Bills Shroyer elected as KRWA president

Bill Shroyer is elected President of the Kansas Rural Water Association board of directors.

Submitted by Elmer Ronnebaum

Bill Shroyer, Assistant Administrator at the City of Sabetha, was recently elected president of the board of directors of the Kansas Rural Water Association (KRWA). The Association is a non-profit organization dedicated to providing training and technical assistance to water and wastewater systems, and also supports other community improvement programs. Shroyer has been a member of the Association’s board of directors since 2014. A seven-member board of directors governs the organization, which has a staff of 20. The Association is based at Seneca.

A native of Sabetha, Shroyer began his career in public service in 1983 as supervisor of the Water/Wastewater, Streets and General Service departments at Sabetha. From February 1994 until July 1994, Shroyer worked for the Nemaha County Soil Conservation District Implementation, providing start-up and assistance to landowners in the Sabetha/Pony Creek Drainage area for Non-Point Source Pollution Protection.

In August 1994, Shroyer accepted a position as Wastewater Technician for KRWA as USDA requested the Association to initiate a program to provide assistance to wastewater systems. His work at the Association involved helping scores of wastewater utilities with smoke testing of sanitary collection systems, and providing other technical support on a host of technical and regulatory issues typically confronted by public wastewater utilities. Shroyer left the Association in August 1999, to become Assistant Administrator at the City of Sabetha.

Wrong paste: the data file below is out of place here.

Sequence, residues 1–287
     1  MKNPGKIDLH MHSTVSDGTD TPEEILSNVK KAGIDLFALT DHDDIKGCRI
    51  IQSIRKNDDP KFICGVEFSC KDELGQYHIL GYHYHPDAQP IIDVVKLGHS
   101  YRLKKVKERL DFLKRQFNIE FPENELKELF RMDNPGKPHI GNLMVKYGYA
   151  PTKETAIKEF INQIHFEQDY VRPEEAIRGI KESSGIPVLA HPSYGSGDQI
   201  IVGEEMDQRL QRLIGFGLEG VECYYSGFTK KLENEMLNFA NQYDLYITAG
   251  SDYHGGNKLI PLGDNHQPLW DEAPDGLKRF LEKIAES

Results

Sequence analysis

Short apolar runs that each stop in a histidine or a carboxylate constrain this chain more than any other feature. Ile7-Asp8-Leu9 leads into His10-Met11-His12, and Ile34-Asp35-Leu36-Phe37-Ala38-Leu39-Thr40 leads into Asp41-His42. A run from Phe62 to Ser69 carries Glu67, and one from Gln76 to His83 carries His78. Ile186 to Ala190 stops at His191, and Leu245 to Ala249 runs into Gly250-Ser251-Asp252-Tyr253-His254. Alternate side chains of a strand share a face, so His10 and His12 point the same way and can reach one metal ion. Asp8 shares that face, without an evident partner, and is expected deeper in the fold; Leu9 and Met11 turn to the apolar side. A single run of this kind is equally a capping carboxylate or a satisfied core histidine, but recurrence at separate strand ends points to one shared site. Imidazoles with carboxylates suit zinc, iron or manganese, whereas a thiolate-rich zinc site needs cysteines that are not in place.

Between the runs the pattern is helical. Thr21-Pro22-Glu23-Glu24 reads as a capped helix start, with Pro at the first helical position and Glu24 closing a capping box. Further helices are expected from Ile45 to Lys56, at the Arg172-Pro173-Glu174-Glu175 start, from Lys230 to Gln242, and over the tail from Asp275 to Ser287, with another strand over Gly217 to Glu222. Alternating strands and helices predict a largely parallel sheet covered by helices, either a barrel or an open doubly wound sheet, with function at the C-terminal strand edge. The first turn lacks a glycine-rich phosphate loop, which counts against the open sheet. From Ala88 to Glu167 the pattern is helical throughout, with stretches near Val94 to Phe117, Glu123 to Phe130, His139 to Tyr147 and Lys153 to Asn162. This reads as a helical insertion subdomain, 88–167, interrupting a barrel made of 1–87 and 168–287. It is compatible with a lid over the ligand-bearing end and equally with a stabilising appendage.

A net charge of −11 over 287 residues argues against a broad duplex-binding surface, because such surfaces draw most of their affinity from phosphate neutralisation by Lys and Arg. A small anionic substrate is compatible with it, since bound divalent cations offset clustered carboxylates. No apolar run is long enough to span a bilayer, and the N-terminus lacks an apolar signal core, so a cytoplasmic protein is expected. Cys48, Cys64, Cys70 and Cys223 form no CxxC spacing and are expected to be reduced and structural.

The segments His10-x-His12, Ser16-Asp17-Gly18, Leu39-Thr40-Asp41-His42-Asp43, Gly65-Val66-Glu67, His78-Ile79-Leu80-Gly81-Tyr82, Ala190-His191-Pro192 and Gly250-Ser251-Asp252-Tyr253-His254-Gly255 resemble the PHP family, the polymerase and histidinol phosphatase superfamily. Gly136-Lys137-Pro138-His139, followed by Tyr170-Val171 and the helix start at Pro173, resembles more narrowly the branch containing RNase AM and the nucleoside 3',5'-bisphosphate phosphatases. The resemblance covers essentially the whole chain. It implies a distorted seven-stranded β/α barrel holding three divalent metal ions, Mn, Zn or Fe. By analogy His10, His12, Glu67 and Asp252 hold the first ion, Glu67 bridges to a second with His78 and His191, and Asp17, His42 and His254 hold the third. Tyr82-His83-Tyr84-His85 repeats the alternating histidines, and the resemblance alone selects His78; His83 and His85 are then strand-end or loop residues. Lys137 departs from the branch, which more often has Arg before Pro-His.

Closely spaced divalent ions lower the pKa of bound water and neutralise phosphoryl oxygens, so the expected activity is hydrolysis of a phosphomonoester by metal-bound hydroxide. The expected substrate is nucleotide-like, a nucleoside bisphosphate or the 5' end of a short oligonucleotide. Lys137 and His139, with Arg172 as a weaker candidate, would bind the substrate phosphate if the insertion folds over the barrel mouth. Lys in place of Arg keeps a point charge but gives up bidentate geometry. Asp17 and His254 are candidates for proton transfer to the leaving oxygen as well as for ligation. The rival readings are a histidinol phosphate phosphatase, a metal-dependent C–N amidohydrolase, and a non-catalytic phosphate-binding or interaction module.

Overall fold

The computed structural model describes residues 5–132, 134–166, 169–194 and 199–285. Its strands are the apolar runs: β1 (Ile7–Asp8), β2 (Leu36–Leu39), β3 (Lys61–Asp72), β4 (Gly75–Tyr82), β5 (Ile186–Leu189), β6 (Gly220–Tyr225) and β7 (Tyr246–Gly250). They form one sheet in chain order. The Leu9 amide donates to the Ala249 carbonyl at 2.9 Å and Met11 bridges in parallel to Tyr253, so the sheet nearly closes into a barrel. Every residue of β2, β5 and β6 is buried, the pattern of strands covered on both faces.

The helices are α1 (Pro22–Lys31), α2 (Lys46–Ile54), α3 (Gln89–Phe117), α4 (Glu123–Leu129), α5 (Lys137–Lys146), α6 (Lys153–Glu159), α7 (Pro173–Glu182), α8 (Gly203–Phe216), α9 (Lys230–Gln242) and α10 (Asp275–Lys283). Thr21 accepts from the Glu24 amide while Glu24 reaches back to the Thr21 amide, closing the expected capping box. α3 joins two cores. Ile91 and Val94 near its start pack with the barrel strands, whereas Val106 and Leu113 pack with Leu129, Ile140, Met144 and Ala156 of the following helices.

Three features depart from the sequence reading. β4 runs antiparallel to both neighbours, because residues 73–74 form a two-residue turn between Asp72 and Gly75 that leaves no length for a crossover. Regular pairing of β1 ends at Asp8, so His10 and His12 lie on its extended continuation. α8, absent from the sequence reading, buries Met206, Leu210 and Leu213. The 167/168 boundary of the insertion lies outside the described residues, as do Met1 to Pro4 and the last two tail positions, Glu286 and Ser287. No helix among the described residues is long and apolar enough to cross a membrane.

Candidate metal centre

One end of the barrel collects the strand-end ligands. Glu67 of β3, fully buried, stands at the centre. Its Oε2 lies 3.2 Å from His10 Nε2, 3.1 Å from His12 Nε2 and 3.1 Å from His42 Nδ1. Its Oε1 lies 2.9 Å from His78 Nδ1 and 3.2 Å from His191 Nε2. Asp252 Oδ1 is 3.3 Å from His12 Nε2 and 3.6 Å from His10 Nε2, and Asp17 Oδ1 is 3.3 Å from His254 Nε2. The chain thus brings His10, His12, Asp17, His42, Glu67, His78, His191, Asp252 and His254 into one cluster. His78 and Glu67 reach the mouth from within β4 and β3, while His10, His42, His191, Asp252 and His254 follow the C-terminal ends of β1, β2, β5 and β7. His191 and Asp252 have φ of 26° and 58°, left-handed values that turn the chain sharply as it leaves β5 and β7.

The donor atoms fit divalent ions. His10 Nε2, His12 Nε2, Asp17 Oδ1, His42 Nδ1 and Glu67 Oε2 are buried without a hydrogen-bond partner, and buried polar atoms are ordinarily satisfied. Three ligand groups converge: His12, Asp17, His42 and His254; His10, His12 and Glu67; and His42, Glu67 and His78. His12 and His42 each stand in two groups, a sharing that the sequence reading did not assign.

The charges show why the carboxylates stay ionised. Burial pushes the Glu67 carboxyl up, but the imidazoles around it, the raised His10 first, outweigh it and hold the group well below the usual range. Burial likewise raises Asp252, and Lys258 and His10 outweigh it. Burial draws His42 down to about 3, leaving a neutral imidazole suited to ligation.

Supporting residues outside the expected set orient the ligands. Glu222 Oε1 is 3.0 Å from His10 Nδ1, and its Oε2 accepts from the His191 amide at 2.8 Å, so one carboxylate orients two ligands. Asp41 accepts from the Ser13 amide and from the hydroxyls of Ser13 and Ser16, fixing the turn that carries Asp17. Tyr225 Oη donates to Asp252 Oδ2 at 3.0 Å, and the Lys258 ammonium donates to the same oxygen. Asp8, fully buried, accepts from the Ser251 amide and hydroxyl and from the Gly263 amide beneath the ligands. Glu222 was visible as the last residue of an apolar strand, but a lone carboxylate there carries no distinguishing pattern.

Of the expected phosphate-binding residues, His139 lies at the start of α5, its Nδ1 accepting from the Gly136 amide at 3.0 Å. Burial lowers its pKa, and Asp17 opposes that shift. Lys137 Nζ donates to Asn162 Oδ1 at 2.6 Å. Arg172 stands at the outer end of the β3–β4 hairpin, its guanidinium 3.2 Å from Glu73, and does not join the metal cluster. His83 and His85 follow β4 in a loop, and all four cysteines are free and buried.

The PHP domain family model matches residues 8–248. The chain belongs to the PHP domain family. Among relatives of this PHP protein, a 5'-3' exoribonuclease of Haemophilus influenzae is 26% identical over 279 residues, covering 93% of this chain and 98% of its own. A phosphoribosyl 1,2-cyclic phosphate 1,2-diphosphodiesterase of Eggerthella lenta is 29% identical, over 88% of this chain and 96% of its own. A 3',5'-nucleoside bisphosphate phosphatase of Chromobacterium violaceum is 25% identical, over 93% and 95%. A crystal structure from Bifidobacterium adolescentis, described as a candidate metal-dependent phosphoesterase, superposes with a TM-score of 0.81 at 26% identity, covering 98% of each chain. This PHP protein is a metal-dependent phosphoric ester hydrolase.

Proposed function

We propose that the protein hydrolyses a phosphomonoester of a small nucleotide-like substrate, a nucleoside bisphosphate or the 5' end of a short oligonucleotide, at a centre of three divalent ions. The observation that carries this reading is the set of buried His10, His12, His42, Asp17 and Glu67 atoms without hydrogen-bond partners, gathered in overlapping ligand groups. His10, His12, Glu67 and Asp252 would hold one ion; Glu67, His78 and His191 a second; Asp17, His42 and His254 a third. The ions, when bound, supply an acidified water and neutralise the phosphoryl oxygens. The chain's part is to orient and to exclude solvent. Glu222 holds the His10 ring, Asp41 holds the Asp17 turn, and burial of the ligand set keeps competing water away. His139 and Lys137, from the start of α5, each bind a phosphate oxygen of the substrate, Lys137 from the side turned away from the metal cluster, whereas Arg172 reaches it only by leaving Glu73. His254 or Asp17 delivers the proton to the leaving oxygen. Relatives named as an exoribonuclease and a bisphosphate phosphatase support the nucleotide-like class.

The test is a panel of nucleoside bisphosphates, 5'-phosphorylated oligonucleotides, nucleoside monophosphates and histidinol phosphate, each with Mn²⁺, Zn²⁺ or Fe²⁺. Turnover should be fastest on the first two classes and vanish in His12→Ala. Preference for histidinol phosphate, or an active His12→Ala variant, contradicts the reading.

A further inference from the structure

“It is an honor for me to represent the membership of the Kansas Rural Water Association,” Shroyer said. “The Association’s programs provide invaluable help to cities and rural water districts across the state – whether it is troubleshooting operational issues with water and wastewater systems, to helping with water rights and funding applications, or explaining regulations to new city clerks. I have personally spent 37 years in community service work. I know how critical it is for many medium-sized and smaller communities to have the access to the resources the Association provides.”

Shroyer also serves as the Kansas director on the National Rural Water Association board of directors.

To learn more about KRWA, see the Association’s website at

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The Sabetha Herald has been serving Sabetha since 1876.


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